*Editors note: This article was originally published in the Salem Gazette. Tammy Callanan writes a regular column for the Gazette, and has generously agreed to contribute separate content to Spare Change.
First let me introduce myself. I am a grandmother, mother, sister, friend, wife and daughter. I am a Salem native and have experienced being homeless four times in my life.
Homelessness, as far as I am concerned, is defined by not having a place to actually call home. “Home sweet home” may be an endearing term, however it is a term that many with today’s economy may never be familiar with or it is a term that some people have recently forgotten from days that are now nothing but a memory.
Home is really defined as a refuge where an individual can contribute domesticated affection to their household and hence their family. Homelessness is not a recent social concern and there are varying degrees of being homeless.
Historically, people have been without living quarters and without a place to shelter themselves for hundreds of years. For example, in Great Britain constables in 1530 would sentence vagabonds and beggars to the stocks for a three-day and three-night whipping. By the 16th century, housing was finally offered by the British government. The English also introduced the term “workhouse” which was really a place for the homeless to work and sleep while at the same time discouraging total reliance on state help.
Homelessness increased in the Americas during the post-Civil War era when many Europeans emigrated to America. The lack of shelter became an epidemic during the Great Depression when over two million people were homeless across the States.
Most towns and cities had a “skid row” and smaller towns had a population of hobos who lived by the railroad tracks and traveled nomadically via freight trains — certainly not the romantic life as portrayed in the movies.
Social concern was sparked by the increase in this population. One of the first rescue missionaries was founded in 1872: the New York City Rescue Mission, which still operates today. Provided at the mission are meals, sleeping quarters, guidance and job training. This became the template of local organizations that now operate today, such as LifeBridge in Salem (formerly called Salem Mission).
The demand for shelters today is on an upward swing. A 2009 USA Today article states that homelessness increased over 9 percent since 2007 with at least 1.6 million people without a home, receiving shelter.
The federal Department of Housing and Urban Development’s July 2008 report to Congress was based on counting homeless people on a single night in January 2007. HUD reported there were 671,888 individuals known to be homeless, either unsheltered on the streets or sleeping within a shelter.
There are too many people without a place of their own, and perceptions vary as to what home actually is. In my opinion home could be the streets, a room rented daily or weekly, a nook in an alleyway, a bench, a hallway or a space shared with a loved ones.
Yet home really should be a place that someone feels at ease: a place where after a long day you can rest your tired body and tired soul, a place where you can sleep at night feeling safe and secure, a place where you have meals with your family and any pets you have, and most importantly a place that you consider yours and decorate with the personal items of your life.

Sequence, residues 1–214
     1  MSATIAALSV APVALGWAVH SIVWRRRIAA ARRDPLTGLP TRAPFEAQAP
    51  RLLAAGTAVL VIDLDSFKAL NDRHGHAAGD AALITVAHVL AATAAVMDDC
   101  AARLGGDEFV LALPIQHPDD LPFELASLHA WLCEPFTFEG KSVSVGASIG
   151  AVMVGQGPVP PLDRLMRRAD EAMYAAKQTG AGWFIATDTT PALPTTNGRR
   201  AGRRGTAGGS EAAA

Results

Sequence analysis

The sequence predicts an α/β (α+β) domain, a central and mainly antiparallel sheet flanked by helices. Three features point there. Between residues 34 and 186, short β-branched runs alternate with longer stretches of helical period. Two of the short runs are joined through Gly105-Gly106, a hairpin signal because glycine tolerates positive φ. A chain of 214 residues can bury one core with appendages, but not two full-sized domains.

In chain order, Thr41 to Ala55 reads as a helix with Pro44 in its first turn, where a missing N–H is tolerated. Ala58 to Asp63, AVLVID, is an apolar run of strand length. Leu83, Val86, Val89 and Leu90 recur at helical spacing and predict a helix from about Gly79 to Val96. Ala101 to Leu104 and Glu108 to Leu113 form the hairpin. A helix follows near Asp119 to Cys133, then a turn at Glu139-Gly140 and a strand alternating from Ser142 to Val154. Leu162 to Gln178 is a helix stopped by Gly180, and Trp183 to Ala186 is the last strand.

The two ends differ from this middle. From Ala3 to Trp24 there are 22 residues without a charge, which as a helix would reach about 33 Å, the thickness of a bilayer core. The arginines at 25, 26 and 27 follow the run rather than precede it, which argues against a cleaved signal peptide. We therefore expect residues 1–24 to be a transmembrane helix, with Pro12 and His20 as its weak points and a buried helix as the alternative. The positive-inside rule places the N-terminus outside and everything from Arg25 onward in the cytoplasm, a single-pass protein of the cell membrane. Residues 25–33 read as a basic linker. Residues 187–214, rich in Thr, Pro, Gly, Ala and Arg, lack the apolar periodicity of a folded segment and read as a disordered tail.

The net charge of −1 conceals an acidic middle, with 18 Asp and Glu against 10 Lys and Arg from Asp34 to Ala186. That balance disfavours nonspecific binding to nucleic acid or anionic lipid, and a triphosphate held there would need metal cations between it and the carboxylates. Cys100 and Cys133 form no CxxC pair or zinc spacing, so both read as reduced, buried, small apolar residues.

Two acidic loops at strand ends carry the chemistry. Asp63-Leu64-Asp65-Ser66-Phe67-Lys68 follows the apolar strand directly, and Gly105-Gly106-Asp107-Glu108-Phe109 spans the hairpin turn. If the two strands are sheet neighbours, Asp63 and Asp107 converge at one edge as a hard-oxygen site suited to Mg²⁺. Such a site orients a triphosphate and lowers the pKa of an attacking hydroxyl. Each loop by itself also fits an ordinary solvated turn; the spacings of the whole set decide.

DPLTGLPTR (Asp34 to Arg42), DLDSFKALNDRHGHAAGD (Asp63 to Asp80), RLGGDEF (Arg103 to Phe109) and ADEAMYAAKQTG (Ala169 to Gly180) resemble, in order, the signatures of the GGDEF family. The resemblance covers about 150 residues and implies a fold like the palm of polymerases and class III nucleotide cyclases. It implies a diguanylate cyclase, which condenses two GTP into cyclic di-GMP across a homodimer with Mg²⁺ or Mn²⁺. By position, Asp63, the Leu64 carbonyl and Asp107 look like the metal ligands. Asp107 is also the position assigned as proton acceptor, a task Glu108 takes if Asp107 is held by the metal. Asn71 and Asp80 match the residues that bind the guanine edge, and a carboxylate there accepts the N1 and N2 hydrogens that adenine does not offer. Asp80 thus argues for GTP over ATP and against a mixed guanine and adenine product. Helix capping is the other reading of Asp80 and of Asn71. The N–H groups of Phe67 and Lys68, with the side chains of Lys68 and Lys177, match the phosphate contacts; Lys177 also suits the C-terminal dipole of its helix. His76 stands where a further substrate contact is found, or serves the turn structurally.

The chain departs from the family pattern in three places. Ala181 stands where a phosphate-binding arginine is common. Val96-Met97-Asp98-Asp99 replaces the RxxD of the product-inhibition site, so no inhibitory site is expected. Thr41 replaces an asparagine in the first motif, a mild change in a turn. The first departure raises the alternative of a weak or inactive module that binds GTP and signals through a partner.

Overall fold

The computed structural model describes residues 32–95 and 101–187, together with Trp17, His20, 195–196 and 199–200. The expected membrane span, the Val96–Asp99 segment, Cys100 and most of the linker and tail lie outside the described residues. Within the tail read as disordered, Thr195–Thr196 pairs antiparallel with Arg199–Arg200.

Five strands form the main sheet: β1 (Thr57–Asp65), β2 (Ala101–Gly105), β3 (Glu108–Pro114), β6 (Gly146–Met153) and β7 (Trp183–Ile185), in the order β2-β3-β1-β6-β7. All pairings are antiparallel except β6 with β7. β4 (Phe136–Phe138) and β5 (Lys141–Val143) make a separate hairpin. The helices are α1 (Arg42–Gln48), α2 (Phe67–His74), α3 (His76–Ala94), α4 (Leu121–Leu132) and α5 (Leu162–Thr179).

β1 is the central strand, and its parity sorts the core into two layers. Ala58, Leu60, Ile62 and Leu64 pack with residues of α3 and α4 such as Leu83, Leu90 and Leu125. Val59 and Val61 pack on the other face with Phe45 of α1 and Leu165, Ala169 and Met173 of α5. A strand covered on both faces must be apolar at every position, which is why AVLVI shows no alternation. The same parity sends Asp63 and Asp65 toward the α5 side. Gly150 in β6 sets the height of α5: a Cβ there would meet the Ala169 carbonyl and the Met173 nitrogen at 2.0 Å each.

Many reasons lead to homelessness and there are also, in my opinion, many levels to homelessness. I personally have been in a family shelter located away from my hometown and resided with my family and friends no longer around me. I have also lived in rented rooms, slept in hallways and couch surfed between the homes of my family members.
I was once told that there are three main types of homeless: The “deadbeat,” the mentally challenged and the economically deprived. Yet do most of us really want to not have a home of our own? I say no to that question because the underlying causes can create a sort of acceptance for the way things are and not a want for the way things are. Some examples that create homelessness are: social services being cut, unemployment, poverty, domestic violence, low-paying jobs, lack of affordable housing, addictions and mental illness.
There are many outlets available to anyone seeking assistance, but unfortunately many programs have been cut to accommodate the current economy. Typically, it is the social services that are cut from federal, state and local budgets.
I can attest, though, to having a want to move forward and a belief that you can move forward. Why stay stagnant and not improve the situation if you are not happy where you are currently? You can contact your local churches, HUD, the U.S. Department of Veterans Affairs or a food pantry. There are nonprofits such as the local Salvation Army, Catholic Charities, NSCAP, Goodwill Industries, United Way, the local Department of Transitional Assistance office — or even a homeless mission or shelter in your area.
So as the “Martha Stewart of the ghetto,” I will be writing a regular column focusing on social issues and everyday dilemmas, and offer bits and pieces of my personal story to you all. I sign off at the juncture in my life where I am concentrating again on moving forward in order to once again find a place that I can call home. If readers have any issues or ideas they want me to write about, feel free to contact me at firstname.lastname@example.org.
Tammy Anne Callahan-Callanan is a mother and grandmother who lives in Salem, MA. Tammy also is a monthly contributor to The Salem Gazette and on-line at http://www.wickedlocal.com/salem/news/lifestyle/columnists and also writes articles as a Boston Examiner Grandparent on-line at
http://www.examiner.com/grandparenting-in-boston/tammy-callanan Tammy majored in creative writing and English literature at Salem State University. E-mail her at email@example.com